“The exercise moves them out of their comfort zone,” said Kane. “They have to operate from a different base, from a new runway, and in unfamiliar ranges. And they fly with live munitions for the first time. They even drop laser-guided bombs. During the exercise, they coordinate with joint terminal ground controllers for the close air support missions. The deployment provides a tremendous amount of experience in a short time.”
Students graduate from the course in a formal ceremony. “Graduation is a big event for the students and for the instructors,” said Lt. Col. Gordon Niebergall, squadron commander of the 182nd FS, the flying unit that falls under the 149th. “We usually have more than 100 guests at the ceremony that include leadership and maintainers from our wing.”
“The B-course students are always very motivated and smart,” said Lt. Col. Raul Rosario, instructor pilot and chief of standardization and evaluation for the 182nd. “But they know very little about the F-16. By the time they leave, they can employ it as a weapon system.”
Graduates from the B-course are certified to fly air-to-air missions, to drop laser-guided munitions, and to operate the aircraft at night with NVGs. “While they are not completely ready for combat,” added Rosario, “they are ready for that transition, which is done in mission qualification training at their operational units. In three months, they can be in an operational theater dropping munitions in combat.”
While the B-course caters to the uninitiated and inexperienced, other pilot training courses conducted at the 149th are geared to seasoned fighter pilots. The structure of the flight training, though somewhat similar, is more concentrated. The transition course, designed to qualify or requalify experienced fighter pilots in the F-16, also moves through the same training phases as the basic course (transition, air-to-air, and air-to-ground). However, each phase in transition training consists of fewer flights. Similarly, the instructor pilot course moves at a faster pace than in the basic course and places a greater emphasis on system and tactical knowledge.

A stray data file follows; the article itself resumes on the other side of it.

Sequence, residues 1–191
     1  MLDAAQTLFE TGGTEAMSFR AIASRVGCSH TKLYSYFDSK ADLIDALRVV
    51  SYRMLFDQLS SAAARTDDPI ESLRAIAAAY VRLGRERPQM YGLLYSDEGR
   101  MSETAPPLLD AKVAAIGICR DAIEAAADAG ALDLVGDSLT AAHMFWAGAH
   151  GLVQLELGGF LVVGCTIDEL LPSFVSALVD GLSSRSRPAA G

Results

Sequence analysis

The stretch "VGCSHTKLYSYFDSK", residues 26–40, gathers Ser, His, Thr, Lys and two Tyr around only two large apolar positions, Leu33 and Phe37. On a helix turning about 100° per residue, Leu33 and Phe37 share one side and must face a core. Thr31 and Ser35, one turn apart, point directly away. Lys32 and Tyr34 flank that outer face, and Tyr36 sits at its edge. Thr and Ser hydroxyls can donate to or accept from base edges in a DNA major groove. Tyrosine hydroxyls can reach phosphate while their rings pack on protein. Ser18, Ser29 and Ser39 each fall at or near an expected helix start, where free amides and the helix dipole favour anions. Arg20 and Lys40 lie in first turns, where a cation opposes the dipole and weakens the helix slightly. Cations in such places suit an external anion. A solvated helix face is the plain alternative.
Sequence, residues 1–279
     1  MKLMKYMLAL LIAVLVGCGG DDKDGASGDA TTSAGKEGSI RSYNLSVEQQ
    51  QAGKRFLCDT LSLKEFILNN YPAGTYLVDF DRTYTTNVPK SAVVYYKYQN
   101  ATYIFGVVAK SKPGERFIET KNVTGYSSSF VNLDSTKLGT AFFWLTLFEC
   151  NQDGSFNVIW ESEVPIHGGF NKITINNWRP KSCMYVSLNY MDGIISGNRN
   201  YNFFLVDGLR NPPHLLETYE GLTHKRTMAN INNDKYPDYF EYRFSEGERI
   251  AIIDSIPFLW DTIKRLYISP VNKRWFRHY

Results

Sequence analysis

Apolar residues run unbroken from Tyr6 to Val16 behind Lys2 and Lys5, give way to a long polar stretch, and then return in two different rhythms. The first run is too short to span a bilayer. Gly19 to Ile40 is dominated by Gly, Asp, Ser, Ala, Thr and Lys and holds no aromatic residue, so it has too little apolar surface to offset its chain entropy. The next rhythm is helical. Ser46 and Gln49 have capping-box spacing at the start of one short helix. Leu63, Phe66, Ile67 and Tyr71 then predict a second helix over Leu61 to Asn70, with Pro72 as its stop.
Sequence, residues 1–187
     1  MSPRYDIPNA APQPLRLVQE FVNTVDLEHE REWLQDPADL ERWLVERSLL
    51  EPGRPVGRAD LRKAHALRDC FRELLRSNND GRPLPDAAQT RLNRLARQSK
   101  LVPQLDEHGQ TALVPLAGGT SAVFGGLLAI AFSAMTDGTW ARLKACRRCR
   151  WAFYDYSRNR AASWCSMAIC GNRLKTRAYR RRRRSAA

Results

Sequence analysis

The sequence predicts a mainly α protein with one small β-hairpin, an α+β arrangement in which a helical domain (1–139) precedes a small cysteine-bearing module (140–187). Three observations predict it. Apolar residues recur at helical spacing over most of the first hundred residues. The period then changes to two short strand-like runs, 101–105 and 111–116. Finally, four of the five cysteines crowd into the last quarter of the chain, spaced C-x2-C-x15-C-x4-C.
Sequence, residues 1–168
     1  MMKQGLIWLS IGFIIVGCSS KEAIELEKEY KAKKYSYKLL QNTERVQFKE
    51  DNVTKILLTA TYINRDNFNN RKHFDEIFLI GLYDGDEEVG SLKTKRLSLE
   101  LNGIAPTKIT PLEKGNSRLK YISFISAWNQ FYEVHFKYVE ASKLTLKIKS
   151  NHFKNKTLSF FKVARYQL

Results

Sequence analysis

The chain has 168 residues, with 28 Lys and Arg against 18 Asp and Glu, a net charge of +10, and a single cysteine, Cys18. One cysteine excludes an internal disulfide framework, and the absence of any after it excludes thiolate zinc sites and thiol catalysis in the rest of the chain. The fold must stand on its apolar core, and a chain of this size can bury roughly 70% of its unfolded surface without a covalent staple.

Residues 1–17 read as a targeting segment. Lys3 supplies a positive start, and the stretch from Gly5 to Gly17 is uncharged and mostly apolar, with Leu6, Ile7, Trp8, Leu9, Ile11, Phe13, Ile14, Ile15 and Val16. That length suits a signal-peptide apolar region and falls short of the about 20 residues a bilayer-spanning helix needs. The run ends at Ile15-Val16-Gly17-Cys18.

The 149th has been at the forefront for improving F-16 training courses. Soon after the wing transitioned from a general-purpose unit to a formal training unit in the late 1990s, for example, its instructor pilots incorporated NVG training into both the basic and transition courses.
“Before we initiated NVG training, these courses were taught only in the operational units,” Niebergall explained. “The training load often hampered operational units in keeping their pilots mission qualified. Our instructor pilots thought the students could handle NVG training, so we tried incorporating it here on a small scale.”
The training was a success. Soon after, Air Education and Training Command incorporated NVG training into syllabuses at all the training units. The 149th further expanded its syllabus in 2005 with targeting pod training. Laser- and GPS-guided munitions training followed.
Aside from the need to relieve operational units from additional training requirements, the coursework also expanded because of several other factors. Most significantly, new training topics reflect the expanding capabilities of the F-16. “The airplane is always becoming more capable and more effective,” said Kane. “Advanced weapons, NVGs, targeting pods, color cockpit displays, datalinks, and many other systems have been added to the aircraft since it was introduced.”